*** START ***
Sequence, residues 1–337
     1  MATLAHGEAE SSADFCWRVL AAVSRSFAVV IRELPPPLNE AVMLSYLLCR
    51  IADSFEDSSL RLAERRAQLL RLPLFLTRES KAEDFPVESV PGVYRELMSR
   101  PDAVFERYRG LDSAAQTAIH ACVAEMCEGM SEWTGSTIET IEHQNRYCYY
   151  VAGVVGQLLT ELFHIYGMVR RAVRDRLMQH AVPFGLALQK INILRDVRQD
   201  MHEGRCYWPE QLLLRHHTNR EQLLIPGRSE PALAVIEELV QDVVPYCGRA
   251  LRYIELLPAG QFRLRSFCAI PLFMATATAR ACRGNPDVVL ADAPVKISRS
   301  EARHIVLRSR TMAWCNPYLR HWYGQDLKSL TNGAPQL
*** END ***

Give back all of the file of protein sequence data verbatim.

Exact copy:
Sequence, residues 1–337
     1  MATLAHGEAE SSADFCWRVL AAVSRSFAVV IRELPPPLNE AVMLSYLLCR
    51  IADSFEDSSL RLAERRAQLL RLPLFLTRES KAEDFPVESV PGVYRELMSR
   101  PDAVFERYRG LDSAAQTAIH ACVAEMCEGM SEWTGSTIET IEHQNRYCYY
   151  VAGVVGQLLT ELFHIYGMVR RAVRDRLMQH AVPFGLALQK INILRDVRQD
   201  MHEGRCYWPE QLLLRHHTNR EQLLIPGRSE PALAVIEELV QDVVPYCGRA
   251  LRYIELLPAG QFRLRSFCAI PLFMATATAR ACRGNPDVVL ADAPVKISRS
   301  EARHIVLRSR TMAWCNPYLR HWYGQDLKSL TNGAPQL